HHBMedia | Too Much Malarkey: Diversity in Television
This week in race-insensitivity news...
I really hate talking about this - I really do. I would love to write a happy-go-lucky, inspirational piece, but there's far too much malarkey for me to remain mum.
Firstly, Latina Magazine and their obnoxiously written ultimatum to the writers of Empire – No. I didn't want to address it, but they have left no choice.
To give you a bit of background, Latina Magazine posted an article pleading for Latino characters to be added to the Empire cast. Now, this would've been acceptable had the article not have taken shots at the show's premise, discrediting its stance in the music industry by pointing out everything that isn't "realistic" - negating the fact that it's a fictional show. My beef isn't with the writer, he's clearly out of touch, but my beef lies more so with the editor.
Why would you approve the publishing of an article that discredits another minority stakeholder?
Especially in a time when both groups of color are facing immeasurable injustices in our country.
I just think that tearing any avenue of entertainment that celebrates people of color should be the last thing to do. To pretty much make the statement "the show is all wrong, and could be better if they added Latino characters to the cast" is borderline disrespectful. It's another demeaning point of view on black culture - and according to everyone who isn't black, blacks would have never obtained this level of success on their own. Blacks are handicapped.
And who would want to willingly feature a plethora of black characters on prime time television shows? Television is becoming "too ethnic"-at least that's what a writer at Deadline thinks.
Is there even a such thing as "too ethnic?”
For years, blacks have had to accept secondary roles on leading television series. They have had to settle for the supporting story lines and even have had to man the most belittling and stereotypical characters. So to have television outlets that now celebrate the race it used to once shame is a step in the right direction.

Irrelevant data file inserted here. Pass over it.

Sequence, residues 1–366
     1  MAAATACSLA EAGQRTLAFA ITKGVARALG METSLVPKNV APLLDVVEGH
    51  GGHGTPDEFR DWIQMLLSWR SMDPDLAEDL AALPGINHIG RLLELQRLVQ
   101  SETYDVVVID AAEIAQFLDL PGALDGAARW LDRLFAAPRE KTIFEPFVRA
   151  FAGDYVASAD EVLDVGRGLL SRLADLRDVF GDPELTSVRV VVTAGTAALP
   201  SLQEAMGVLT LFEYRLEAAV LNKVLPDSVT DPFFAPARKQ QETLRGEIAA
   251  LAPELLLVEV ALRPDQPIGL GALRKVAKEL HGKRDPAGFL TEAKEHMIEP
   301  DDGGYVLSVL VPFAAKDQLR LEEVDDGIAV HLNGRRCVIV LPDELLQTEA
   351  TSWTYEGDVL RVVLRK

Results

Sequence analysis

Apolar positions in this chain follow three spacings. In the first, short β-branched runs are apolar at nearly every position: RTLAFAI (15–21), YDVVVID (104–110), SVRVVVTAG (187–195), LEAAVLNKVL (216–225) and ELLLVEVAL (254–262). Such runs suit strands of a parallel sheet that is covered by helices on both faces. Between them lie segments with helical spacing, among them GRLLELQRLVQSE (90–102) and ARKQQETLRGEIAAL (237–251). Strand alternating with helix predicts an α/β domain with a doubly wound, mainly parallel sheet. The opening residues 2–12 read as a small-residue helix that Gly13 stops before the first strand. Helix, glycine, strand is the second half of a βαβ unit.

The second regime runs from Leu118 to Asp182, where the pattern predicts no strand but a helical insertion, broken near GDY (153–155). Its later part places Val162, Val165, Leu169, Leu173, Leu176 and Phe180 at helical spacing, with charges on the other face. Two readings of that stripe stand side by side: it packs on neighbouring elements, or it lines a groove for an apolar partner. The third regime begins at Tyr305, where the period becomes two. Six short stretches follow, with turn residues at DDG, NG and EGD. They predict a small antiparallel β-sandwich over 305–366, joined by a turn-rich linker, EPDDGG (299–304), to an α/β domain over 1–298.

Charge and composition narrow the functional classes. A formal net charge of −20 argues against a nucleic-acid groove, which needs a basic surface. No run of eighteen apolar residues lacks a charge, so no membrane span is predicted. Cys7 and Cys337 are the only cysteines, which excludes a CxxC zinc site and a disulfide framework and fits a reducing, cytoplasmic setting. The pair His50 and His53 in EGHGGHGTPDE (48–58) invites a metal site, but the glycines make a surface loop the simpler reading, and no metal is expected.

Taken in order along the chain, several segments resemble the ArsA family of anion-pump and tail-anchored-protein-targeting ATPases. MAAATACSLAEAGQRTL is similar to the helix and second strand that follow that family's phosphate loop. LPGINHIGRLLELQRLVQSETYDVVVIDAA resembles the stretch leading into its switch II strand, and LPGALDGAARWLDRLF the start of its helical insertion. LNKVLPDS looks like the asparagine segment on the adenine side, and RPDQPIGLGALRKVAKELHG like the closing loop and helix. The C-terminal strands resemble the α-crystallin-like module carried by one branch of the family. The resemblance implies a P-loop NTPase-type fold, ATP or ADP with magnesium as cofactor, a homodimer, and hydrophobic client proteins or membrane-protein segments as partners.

I remember being invited to my 3rd grade classmate’s birthday party. Let's call her Emily. Emily's mother put together a great affair, filled with awesome snacks and the most creative games little girls could ever imagine. One of the games was a talent show where we had to mimic our favorite musical acts. My group of friends chose the Spice Girls. Now this probably sounds like an epic task, but it quickly turned into a tragic moment for a little black girl from Asheville, NC. There were 2 of us, black girls, in the group but only 1 black Spice Girl. So we had to audition for the role. Two black girls who were once the best of friends quickly turned into a couple of competitors, because there could only be 1 black girl on top. A challenge that black actresses have had to defy was a lesson for a couple of 8 year olds - something that should never infiltrate an elementary school.
The Deadline article was, without a doubt, disrespectful. To try to brainwash its readers into thinking that blacks are less than deserving of the leading roles they have is a continuation of the oppressive legacy that has haunted the industry for years.
And because of that godforsaken legacy, we have been forced to create our own outlets of expression to showcase our talents and abilities to be leading ladies/men.
Television being diverse in this day and age should be celebrated, not critiqued. It shows that those of all races are capable of being the face of prime time television, and to say anything but would be a blow to an unsaid amount of tiny colored children everywhere.
*** This piece was originally published on HHBMedia.com in April 2015